I like Bristol Finish for other brightwork on the boat. It's two part and dries enough to recoat inside an hour, so you can apply all 4 to 5 initial coats on the same day. Serious advantage. I think the finish looks the closest to varnish as well.
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Re: Interlux Schooner vs. Sikkens Cetol

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Originally Posted by Minnewaska View Post
I bought my boat with Cetol on it and quickly learned to hate it. It peels and flakes when it gives up and the only fix is to fully remove and start over.
Varnish doesn't do the same if let go?
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Re: Interlux Schooner vs. Sikkens Cetol

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Varnish doesn't do the same if let go?
Varnish will blister, but seems to stay a bit more plyable. Granted, varnish is very hard to repair, but that's why I use Bristol Finish elsewhere. Cetol got hard and brittle and flakey and horrible. I swear I still find cetol dust in little nooks and crannies and I've had it fully removed for three years.
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Re: Interlux Schooner vs. Sikkens Cetol

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Originally Posted by Minnewaska View Post

I like varnish and did my cockpit table with it. My main objection to varnish is the 24 hr dry time between coats. Between schedules and weather, that makes it very impractical to do on the boat.
Most varnishes can be hot-coated, (er, more like lukewarm coated) inside the recommended drying time. I do a coat in the morning after the dew has lifted (if working outside) and a coat before dusk. This way 8 coats can be laid on in four days on stripped brightwork. annual 2 coat maintenance coating can be done in a day.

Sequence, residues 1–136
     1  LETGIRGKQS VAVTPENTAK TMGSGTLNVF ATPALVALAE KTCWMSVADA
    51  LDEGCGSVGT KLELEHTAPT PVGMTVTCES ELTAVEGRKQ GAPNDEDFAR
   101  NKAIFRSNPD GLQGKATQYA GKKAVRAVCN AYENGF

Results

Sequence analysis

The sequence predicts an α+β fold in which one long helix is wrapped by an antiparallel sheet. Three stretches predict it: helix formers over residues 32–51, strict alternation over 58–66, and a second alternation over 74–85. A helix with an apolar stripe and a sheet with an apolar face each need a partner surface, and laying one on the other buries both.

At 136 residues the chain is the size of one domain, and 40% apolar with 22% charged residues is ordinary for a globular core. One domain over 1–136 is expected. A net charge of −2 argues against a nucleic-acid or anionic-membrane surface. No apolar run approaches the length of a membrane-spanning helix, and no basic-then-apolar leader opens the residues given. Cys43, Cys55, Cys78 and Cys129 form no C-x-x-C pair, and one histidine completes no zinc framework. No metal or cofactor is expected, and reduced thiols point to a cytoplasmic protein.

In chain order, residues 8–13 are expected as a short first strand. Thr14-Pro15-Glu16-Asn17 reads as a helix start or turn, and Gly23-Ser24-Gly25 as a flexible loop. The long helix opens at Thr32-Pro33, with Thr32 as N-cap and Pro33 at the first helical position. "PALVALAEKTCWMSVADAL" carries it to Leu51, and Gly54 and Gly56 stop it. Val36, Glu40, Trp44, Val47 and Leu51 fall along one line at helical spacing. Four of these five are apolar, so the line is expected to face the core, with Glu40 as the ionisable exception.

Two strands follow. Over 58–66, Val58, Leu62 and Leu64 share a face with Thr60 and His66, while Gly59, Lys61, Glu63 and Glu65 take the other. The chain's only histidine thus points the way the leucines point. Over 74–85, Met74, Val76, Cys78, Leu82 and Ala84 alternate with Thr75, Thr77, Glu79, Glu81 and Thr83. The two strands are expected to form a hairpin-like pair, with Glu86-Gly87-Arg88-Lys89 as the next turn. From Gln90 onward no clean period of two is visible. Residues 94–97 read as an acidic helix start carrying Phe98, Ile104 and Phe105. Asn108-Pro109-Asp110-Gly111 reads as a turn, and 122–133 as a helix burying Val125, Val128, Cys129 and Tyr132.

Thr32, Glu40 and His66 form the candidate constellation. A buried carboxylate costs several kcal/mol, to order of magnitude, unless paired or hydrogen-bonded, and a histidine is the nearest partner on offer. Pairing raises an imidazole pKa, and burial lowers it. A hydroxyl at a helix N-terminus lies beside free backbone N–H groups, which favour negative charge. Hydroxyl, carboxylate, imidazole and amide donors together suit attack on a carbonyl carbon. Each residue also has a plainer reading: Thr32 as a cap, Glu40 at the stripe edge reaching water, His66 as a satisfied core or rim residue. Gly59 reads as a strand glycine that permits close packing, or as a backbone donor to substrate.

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Re: Interlux Schooner vs. Sikkens Cetol

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Originally Posted by KeelHaulin View Post
similarly cetol does not require as much maintenance if it is not getting direct sun. My dropboards and trim around the companionway need less maintenance also, and they are not beneath a dodger. Just being on a vertical surface and oriented north-south gives enough sun evasion.
You're abosoutely correct- the trim pictured is under dodger....except for the six months of the year when the dodger is stowed away and it is exposed to snow and rain and sun and sub-zero temperatures.
and the wood that isn't covered isn't in need of maintenance any earlier than that which is dodger protected.


I agree, one can end up chasing brightwork maintenance, and varnishing a peeling ugly finish every year... and it is inevitably because the sanded surface wasn't wiped down before initial coating, there wasn't a full buildup of coats the first time the bare wood was coated, or the first coats were imporoperly thinned, hindering full saturation.

More work up front means less work later.